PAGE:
Genetic variation of Indonesian dipterocarps assessed by amplified fragment length polymorphisms

Genetic variation of Indonesian dipterocarps assessed by amplified fragment length polymorphisms

Iskandar Z. Siregar 1, U.J. Siregar1, C.P. Cao2, O. Gailing2 and R. Finkeldey2

1Department of Silviculture, Faculty of Forestry, Bogor Agricultural University, Kampus IPB Darmaga, PO Box 168 Bogor 16680, Indonesia.

2Institute of Forest Genetics and Forest Tree Breeding, University of Goettingen, Buesgenweg 2, 37077 Goettingen, Germany.


The dipterocarp forests of Indonesia are centres of global biodiversity. The design of efficient conservation strategies requires an understanding of this diversity and its dynamics in time and space at all levels. Variation within species, i.e. genetic variation, is largely unknown for Indonesian dipterocarps, and even patterns of genetic differentiation among species are poorly described. The amplified fragment length polymorphism (AFLP) technique was used to observe genome-wide genetic differentiation among Indonesian dipterocarps and to study levels of genetic diversity and differentiation among populations of two closely related, widely distributed species: Shorea leprosula and S. parvifolia . The results generally support the taxonomic classification within the subfamily Dipterocarpoideae based on morphological traits and previous molecular studies of chloroplast DNA (cpDNA). Considerable genetic variation was observed within the population for both species (mean H e = 0.161 for S. leprosula and 0.138 for S. parvifolia ). Ranking of locations with regard to variation levels revealed a similar trend; the populations in a single location on Sumatra (“Asialog”) had the highest variation. Genetic differentiation among populations was high (GST = 25% for S. leprosula and 31% for S. parvifolia ). The results will help to efficiently select and design genetic resources of Indonesian dipterocarps and contribute to the sustainable utilization of genetic resources. In combination with ongoing studies on the extraction of DNA from dipterocarp wood they will be useful to develop reliable molecular tools to identify the origin of dipterocarp timber and processed wood. These tools are expected to gain importance for the international trade of wood and wood products from dipterocarps and for the observation of the chain-of-custody (COC) within the context of forest certification.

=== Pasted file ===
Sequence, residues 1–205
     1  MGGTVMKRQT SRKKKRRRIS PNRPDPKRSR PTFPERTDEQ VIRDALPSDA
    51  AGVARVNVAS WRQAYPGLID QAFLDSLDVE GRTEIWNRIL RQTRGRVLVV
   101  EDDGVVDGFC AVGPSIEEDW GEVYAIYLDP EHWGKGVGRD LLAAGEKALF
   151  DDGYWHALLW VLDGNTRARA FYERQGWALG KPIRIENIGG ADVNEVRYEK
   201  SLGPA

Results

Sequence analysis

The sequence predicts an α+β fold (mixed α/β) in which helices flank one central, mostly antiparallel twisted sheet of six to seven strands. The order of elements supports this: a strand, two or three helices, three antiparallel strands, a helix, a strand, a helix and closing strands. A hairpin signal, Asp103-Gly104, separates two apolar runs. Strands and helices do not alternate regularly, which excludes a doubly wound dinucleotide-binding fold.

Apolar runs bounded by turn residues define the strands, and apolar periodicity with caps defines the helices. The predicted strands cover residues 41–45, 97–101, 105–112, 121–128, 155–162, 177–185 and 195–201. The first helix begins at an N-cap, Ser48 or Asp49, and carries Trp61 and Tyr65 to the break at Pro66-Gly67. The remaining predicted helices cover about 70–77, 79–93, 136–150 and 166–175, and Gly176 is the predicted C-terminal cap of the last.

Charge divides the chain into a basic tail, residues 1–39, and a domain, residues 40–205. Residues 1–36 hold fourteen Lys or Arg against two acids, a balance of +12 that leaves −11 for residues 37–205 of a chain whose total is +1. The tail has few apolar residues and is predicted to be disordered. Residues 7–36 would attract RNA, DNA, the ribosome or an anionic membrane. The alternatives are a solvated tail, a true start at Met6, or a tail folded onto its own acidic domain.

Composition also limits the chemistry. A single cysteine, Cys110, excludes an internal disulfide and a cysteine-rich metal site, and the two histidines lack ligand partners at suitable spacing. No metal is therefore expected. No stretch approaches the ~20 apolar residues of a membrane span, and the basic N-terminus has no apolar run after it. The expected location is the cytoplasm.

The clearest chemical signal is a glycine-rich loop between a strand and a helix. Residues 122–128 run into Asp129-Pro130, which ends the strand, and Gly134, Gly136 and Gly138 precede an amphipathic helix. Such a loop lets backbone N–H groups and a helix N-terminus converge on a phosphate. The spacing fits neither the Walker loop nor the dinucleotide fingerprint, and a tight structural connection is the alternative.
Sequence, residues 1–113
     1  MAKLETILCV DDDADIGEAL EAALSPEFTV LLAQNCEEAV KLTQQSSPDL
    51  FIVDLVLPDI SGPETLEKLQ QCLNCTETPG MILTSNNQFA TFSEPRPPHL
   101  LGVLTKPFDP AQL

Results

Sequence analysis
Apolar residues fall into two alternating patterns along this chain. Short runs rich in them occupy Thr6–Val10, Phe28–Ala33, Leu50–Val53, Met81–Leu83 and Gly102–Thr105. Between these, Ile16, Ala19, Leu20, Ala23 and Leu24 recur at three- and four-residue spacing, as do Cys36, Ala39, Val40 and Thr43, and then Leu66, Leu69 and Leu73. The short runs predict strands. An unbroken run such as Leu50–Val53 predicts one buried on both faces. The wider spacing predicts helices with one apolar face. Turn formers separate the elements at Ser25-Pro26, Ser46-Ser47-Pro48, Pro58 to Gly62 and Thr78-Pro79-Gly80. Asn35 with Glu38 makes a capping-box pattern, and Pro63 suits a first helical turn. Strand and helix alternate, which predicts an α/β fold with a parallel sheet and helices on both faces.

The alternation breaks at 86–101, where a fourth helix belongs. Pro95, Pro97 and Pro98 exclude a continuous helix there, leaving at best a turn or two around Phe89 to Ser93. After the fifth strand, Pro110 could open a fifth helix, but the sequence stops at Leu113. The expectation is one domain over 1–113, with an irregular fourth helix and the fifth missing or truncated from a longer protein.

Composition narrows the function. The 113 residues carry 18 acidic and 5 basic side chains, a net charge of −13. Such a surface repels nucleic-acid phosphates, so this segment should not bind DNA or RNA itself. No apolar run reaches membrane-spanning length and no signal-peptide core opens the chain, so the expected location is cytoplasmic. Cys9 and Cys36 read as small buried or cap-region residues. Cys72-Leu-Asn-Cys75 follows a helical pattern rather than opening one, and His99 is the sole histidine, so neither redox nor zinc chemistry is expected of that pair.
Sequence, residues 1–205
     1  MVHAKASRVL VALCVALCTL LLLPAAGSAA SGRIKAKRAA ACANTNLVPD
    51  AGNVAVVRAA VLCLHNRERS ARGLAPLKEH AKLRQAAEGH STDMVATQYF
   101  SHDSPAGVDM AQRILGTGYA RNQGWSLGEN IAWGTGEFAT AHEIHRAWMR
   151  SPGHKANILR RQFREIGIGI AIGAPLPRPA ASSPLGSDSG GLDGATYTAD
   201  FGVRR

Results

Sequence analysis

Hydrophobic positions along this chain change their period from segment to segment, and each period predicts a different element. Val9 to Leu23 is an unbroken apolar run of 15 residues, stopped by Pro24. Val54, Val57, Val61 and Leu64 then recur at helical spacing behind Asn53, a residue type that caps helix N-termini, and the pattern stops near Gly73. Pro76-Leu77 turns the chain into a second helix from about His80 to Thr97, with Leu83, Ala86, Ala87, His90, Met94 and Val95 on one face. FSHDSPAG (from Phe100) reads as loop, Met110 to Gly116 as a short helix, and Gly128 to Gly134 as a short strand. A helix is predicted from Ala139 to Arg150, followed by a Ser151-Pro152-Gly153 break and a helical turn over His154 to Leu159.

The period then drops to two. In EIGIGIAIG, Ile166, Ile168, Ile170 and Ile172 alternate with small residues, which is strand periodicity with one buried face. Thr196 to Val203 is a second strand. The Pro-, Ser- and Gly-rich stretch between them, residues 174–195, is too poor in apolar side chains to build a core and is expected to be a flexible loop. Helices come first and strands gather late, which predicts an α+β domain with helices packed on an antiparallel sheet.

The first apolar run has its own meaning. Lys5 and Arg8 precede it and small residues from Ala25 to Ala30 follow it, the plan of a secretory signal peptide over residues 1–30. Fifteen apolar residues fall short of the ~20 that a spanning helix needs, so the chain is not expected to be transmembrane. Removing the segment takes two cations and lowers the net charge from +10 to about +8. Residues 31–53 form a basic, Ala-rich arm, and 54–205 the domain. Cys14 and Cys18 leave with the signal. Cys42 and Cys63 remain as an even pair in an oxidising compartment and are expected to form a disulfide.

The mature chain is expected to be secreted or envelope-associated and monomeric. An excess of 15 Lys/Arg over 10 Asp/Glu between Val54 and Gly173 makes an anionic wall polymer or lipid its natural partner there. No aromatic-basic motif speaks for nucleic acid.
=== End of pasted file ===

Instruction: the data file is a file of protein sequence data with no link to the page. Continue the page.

Key words : Dipterocarpaceae, phylogeny, Shorea leprosula, Shorea parvifolia, AFLP, genetic variation, Indonesia


The Asian dipterocarp forests are widely recognized as global centres of biodiversity. The Dipterocarpaceae is a species-rich tree family with close to 500 species mainly distributed in Southeast Asia. They are dominant components of species-rich forest communities in lowland evergreen forests of the central tropics as well as in monsoon forests. Indonesia is the country with the highest species diversity of dipterocarps. However, the genetic diversities within and among Indonesian dipterocarps have not yet been investigated in detail.

Conservation of genetic resources requires at least a basic understanding of the diversity that we wish to conserve (Bawa and Krugman 1990). Selection of genetic resources should be based on an understanding of patterns of genetic variation within and among populations